Over at HiveLogic, Dan Benjamin has a great [guide on Podcasting Equipment][hl], which has been updated for 2009. He distinguishes between four types of users: beginner, entry, mid-range, and prosumer. (Okay, that isn’t a very coherent typology, but the scenarios he provides for each are clear enough to be helpful to anyone curious.)
***Note for readers**: this post is currently in process while I am in Boise for the AFS meeting.*
For those who attended the forum at the annual meeting of American Folklore Society in Boise this year, here are a few posts that form the background to my current thinking:
* [In the Era of the Meta-Platform, Content Is King][era] (20 April 2008) is sort of a foundational statement, for me, of what I think the possibilities are more broadly for the humanities.
* In [The Road to Digital Considered][road] (14 August 2008) I discuss …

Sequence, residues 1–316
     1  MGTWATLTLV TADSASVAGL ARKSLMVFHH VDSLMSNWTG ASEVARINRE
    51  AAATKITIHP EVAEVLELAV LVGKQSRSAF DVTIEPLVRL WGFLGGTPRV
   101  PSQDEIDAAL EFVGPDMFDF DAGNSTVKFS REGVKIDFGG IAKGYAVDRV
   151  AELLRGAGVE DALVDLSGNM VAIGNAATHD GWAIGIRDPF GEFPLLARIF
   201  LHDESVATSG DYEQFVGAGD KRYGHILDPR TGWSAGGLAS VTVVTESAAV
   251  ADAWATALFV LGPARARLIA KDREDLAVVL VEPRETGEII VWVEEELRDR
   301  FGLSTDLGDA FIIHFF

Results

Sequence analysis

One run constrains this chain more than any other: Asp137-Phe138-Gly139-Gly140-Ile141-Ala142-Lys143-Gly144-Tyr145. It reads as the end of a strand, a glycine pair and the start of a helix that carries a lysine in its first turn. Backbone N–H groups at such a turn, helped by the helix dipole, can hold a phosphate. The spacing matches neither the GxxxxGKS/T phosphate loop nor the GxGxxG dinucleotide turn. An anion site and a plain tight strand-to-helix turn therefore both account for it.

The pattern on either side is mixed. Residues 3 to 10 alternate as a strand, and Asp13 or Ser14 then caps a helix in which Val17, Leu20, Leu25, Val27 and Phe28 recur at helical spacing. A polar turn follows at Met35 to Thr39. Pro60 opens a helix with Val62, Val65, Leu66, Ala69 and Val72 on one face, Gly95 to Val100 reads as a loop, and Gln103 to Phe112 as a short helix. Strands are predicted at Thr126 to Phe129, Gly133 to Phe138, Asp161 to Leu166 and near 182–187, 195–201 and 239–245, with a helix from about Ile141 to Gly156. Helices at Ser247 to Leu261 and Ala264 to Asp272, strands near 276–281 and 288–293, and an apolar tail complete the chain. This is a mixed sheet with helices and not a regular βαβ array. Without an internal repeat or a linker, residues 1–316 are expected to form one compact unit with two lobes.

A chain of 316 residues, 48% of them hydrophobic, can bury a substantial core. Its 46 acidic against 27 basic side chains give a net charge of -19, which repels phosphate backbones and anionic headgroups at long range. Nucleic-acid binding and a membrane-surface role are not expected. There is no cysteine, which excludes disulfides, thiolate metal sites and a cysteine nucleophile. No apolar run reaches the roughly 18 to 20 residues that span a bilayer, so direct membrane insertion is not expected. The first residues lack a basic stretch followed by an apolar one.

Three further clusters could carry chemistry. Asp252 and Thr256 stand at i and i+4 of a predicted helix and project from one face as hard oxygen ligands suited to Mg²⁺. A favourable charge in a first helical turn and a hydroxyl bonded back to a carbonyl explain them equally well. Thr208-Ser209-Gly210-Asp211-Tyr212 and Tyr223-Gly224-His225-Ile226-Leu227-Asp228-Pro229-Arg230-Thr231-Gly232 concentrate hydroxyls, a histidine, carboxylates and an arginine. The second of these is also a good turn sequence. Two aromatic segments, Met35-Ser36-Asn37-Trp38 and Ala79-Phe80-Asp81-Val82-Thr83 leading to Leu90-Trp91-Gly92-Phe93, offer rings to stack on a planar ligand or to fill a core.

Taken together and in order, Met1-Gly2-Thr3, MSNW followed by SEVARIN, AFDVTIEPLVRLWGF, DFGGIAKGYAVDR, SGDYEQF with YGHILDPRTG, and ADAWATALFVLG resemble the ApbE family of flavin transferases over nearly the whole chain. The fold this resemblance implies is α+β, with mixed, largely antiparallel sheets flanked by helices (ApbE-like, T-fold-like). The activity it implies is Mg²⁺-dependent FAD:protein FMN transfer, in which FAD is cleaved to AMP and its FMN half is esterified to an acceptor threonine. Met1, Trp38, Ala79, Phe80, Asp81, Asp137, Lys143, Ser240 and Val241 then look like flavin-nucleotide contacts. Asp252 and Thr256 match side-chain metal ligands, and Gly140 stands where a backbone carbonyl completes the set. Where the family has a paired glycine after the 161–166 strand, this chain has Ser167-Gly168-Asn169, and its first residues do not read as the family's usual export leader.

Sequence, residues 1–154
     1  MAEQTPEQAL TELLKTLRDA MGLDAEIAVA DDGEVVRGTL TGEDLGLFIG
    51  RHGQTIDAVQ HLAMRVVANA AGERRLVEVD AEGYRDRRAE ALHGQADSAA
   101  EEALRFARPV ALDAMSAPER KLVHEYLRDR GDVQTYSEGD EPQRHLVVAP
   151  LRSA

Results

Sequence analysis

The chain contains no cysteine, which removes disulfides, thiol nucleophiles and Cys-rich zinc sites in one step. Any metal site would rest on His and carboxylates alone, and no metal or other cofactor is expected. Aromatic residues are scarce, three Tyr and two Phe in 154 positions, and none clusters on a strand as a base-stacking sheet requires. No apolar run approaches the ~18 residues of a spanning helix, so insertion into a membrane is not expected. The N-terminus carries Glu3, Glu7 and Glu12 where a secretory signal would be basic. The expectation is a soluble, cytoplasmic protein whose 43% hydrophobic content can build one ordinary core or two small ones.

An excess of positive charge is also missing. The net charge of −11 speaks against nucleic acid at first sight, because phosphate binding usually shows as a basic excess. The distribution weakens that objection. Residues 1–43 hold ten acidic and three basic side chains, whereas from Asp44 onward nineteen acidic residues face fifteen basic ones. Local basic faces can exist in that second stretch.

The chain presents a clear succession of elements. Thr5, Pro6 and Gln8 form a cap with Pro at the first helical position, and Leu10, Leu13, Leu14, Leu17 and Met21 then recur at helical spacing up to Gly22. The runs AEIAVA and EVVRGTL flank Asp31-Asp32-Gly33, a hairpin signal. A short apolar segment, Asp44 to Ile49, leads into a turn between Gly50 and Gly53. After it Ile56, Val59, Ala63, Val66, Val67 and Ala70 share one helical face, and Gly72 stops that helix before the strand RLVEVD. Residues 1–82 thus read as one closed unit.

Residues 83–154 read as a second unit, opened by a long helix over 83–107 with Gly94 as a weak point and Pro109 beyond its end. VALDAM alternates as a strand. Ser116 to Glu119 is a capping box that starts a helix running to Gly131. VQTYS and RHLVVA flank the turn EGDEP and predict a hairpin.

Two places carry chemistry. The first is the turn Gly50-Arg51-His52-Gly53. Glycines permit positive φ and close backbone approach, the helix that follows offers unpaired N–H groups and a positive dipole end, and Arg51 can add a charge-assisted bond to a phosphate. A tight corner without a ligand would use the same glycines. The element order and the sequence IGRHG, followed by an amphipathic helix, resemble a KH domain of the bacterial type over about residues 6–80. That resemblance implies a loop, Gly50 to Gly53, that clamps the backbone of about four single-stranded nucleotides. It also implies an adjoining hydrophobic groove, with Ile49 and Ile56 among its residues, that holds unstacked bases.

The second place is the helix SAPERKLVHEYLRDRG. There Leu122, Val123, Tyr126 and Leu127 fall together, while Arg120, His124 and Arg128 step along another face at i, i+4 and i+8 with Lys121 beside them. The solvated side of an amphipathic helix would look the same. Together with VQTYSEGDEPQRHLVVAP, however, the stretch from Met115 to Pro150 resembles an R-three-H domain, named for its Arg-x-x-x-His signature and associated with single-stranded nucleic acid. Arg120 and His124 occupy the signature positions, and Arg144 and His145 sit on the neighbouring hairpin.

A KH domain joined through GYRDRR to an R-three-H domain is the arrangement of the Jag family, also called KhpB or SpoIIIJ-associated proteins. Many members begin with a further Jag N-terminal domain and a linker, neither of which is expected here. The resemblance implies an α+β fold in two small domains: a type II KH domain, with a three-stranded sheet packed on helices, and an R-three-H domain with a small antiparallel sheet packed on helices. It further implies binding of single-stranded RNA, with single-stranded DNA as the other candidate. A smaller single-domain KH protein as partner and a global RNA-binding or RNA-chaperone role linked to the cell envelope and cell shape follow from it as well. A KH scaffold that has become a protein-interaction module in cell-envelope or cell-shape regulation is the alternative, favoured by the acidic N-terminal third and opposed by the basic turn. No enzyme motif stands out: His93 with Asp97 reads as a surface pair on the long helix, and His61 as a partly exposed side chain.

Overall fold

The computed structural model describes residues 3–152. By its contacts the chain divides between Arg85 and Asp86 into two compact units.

* In [The Cult of the Author in the New Economy][cult] (8 August 2009) …
* In [The Difference Digital Makes][diff] (29 July 2009) …
* In [One Digital Difference][one] (16 July 2009) …
* In [The Future of Scholarly Publishing from an Individual Perspective][future] (29 January 2009) …
I wasn’t at this year’s Museums and the Web conference, but I was checking it out while I was considering applying for the 2010 meeting in Denver. (I did apply, with the hope of getting some feedback on the Virtual Vermilionville idea.) The Indianapolis Art Museum was the host institution this year, and so its director, Maxwell Anderson, gave the opening keynote speech. Anyone who’s been to such keynotes knows they can be fairly divergent in quality, but Anderson’s thoughts, especially on how the on-line realm can open the museum out to visitors and, in effect, invite them in, is a really good one, and one I hope to pursue in this work with Vermilionville.